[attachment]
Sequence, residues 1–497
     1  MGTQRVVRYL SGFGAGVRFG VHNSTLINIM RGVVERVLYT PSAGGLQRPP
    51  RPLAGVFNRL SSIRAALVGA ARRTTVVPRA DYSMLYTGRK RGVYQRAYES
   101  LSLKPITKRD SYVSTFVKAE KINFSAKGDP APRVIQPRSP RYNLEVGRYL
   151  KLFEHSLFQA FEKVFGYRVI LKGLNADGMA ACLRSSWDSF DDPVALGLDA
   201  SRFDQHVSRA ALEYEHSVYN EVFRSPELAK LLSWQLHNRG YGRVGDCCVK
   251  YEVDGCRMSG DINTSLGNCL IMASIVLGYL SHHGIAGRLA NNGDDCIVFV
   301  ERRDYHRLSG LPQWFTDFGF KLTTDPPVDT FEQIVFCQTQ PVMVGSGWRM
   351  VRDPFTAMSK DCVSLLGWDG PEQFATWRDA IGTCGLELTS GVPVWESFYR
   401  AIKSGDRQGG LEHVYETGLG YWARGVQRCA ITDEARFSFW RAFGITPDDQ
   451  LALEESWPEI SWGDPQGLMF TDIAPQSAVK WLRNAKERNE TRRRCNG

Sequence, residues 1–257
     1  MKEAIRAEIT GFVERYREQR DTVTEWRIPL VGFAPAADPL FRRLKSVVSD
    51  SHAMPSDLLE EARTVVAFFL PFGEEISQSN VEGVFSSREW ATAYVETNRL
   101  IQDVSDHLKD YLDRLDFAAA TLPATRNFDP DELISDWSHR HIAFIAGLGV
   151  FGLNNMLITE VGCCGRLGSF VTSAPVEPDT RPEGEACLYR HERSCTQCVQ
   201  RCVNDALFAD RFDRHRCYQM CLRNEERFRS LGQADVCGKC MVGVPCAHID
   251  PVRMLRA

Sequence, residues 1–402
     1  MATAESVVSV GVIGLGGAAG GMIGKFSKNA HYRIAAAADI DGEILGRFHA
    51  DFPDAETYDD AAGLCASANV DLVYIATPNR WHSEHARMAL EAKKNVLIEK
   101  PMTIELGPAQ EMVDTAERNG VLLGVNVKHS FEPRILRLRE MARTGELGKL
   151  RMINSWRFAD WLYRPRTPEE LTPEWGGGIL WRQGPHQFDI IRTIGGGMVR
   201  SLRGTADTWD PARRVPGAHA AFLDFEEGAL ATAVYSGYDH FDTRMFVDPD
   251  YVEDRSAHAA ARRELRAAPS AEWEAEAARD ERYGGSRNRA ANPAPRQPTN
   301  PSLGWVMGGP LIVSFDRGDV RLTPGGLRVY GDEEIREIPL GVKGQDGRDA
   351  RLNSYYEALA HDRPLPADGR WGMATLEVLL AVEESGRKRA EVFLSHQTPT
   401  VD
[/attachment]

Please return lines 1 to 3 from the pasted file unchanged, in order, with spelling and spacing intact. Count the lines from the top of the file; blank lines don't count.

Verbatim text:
Sequence, residues 1–497
     1  MGTQRVVRYL SGFGAGVRFG VHNSTLINIM RGVVERVLYT PSAGGLQRPP
    51  RPLAGVFNRL SSIRAALVGA ARRTTVVPRA DYSMLYTGRK RGVYQRAYES